There are bathrooms and some information boards at the parking lot. Follow the trail that travels behind the bathrooms. This trail leads to White Pine Canyon and Red Pine Canyon. After about a mile the trail will make an obvious split, take the right fork to head to Red Pine Canyon. Travel Red Pine Canyon into Maybird Gulch. Then from Maybird Gulch, enter Hogum Fork through the saddle below Pfeifferhorn's north ridge or by going up and over The Obelisk.

Route Description

 
The Hypodermic Needle (a.k.a. The Needle)
Climbing the apron.
 
The Hypodermic Needle (a.k.a. The Needle)
The meat of the couloir.
 
The Hypodermic Needle (a.k.a. The Needle)
Looking down.
For the route description, I'll use the Hogum Fork Trailhead listed above. This is the shortest and fastest route.

From the "Little Cottonwood Trail" sign in the dirt parking lot, travel downhill on the trail. When the terrain begins to flatten out, various forks in the trail will appear. Continue straight (due southeast) on the trail through the trees. After a short hike (3-5 minutes), the forest will open and you'll see forest service postmarks that say "No Camping". Just after these signs, the trail will turn east and parallel the canyon stream. Continue east for roughly 500 feet and turn directly south into the trees toward the canyon stream. You'll know you're in the right place if you have to cross shallow stream tributaries before you reach the bank of the large stream. Look for two large logs crossing over the stream. After crossing these logs, there is a second stream that is too deep to cross easily. Travel upstream (east) for another 200 feet and find another large log crossing the second stream.

After crossing the streams, bushwhack east until you reach the large stream flowing north out of Hogum Fork. Follow either side of the Hogum Fork stream as they are both reported to have moderate bushwhacking. Since you'll be traveling in spring conditions, there is very little groundcover and the bushes have yet to leaf, so finding the path of least resistance is easy. During our climb, we turned south into Hogum Fork too early, using a dry creek bed. We anticipated it would meet up with the large stream, but it never did. Instead, we bushwhacked through very steep and somewhat treacherous terrain into main Hogum Fork. Our route is not recommended, instead make sure you follow the large stream in Hogum Fork.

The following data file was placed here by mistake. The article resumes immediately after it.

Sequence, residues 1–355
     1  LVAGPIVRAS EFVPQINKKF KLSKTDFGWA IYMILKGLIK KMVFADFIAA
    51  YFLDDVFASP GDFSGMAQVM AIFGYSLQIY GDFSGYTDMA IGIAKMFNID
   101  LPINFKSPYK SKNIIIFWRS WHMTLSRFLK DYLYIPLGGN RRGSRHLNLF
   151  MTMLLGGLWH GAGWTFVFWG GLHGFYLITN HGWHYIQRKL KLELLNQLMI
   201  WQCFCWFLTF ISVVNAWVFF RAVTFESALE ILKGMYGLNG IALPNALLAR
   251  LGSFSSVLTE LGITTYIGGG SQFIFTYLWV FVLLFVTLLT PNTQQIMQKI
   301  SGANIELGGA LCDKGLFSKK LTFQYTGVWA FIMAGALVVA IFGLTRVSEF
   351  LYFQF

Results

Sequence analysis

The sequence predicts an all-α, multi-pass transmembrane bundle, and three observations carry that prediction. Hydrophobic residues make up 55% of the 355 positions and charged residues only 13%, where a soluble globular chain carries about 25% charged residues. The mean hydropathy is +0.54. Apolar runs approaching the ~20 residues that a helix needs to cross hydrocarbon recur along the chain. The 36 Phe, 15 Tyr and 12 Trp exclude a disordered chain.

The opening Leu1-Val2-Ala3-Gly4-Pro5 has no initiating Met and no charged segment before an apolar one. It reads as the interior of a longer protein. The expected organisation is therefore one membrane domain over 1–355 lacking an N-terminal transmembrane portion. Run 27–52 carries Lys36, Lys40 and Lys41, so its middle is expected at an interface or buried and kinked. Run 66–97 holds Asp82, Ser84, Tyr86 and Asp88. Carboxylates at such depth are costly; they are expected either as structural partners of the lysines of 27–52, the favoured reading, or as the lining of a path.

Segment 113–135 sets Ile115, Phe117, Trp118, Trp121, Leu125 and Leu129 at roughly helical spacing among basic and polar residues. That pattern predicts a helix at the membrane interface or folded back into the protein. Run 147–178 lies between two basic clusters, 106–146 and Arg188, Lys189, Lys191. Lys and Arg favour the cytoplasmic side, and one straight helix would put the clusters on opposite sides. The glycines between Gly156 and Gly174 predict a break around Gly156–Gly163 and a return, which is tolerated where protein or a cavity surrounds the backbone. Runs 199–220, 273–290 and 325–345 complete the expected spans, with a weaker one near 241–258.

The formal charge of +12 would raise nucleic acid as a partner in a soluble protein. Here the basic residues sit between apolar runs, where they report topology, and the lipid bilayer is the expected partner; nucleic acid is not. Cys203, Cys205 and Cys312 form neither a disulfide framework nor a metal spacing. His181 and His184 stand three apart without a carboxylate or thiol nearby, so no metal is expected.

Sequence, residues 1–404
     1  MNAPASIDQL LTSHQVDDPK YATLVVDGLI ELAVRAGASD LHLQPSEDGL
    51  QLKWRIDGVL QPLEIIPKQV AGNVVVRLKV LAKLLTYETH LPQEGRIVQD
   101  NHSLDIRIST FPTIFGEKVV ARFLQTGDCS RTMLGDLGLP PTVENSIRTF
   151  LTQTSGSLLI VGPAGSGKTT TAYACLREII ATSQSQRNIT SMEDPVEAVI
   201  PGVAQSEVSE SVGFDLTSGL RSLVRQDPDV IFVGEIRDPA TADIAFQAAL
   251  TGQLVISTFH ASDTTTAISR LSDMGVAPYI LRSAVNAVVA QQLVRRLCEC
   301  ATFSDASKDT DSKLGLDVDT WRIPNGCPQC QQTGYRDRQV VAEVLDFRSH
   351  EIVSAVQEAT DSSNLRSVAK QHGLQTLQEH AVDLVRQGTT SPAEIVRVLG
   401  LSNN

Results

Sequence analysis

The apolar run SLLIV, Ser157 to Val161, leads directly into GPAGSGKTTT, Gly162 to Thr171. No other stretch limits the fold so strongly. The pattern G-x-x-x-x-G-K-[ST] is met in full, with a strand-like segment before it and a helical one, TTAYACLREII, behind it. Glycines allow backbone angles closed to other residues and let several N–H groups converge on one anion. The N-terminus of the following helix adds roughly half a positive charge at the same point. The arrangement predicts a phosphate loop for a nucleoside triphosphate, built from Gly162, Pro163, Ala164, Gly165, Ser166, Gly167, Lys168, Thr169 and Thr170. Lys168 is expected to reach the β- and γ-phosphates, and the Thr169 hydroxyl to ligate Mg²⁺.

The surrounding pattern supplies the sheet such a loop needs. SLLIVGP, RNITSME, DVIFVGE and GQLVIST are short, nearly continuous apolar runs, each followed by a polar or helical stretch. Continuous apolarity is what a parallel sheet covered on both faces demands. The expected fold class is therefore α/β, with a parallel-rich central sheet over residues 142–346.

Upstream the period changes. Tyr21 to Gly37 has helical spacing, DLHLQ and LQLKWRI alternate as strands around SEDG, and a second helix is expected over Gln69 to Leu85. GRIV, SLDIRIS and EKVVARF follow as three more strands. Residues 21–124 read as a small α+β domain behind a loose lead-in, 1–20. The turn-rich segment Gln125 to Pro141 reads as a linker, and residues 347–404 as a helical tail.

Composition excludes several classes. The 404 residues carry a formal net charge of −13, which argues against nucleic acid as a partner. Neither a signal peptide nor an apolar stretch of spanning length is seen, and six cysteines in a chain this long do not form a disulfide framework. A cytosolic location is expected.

After a while you'll hit snow, which makes the ascent a breeze and removes most of the boulder hoping in Hogum Fork. On the west side of Hogum Fork you'll see two couloirs, the first and longest is The Needle and the second is the Sliver. Climb straight up the apron to the couloir. The apron starts at 30 degrees and increases to 45 degrees. The couloir proper is a constant 50 degrees for 1,100 feet. The couloir tops out on the summit ridge of North Thunder Mountain. From here, it is a short 3rd class scramble to the summit.

For descent, use either Coalpit Gulch or Bells Canyon. Coalpit Gulch funnels into a large waterfall at the base, which is nearly impossible to downclimb with the high runoff. A rappel rope would be mandatory. Even then, you would be rappeling through the waterfall over difficult terrain. We opted for a safer exit down Bells Canyon. We were able to glissade about half of the 6,000 vertical feet, then hiked down the trail to our shuttle car parked at the Bells Canyon trailhead (9400 S. and Wasatch Blvd.). Our total travel time was 12 hours (5am-5pm).

Essential Gear

 
The Hypodermic Needle (a.k.a. The Needle)
The summit.
Helmet, crampons, ice axe. If desired, rock pro for the sides of the couloir, pickets, and a rope could be used for protection.
The Hypodermic Needle (a.k.a. The Needle)
The view west.
The Hypodermic Needle (a.k.a. The Needle)
The view north.
The Hypodermic Needle (a.k.a. The Needle)
The view east.

External Links

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Images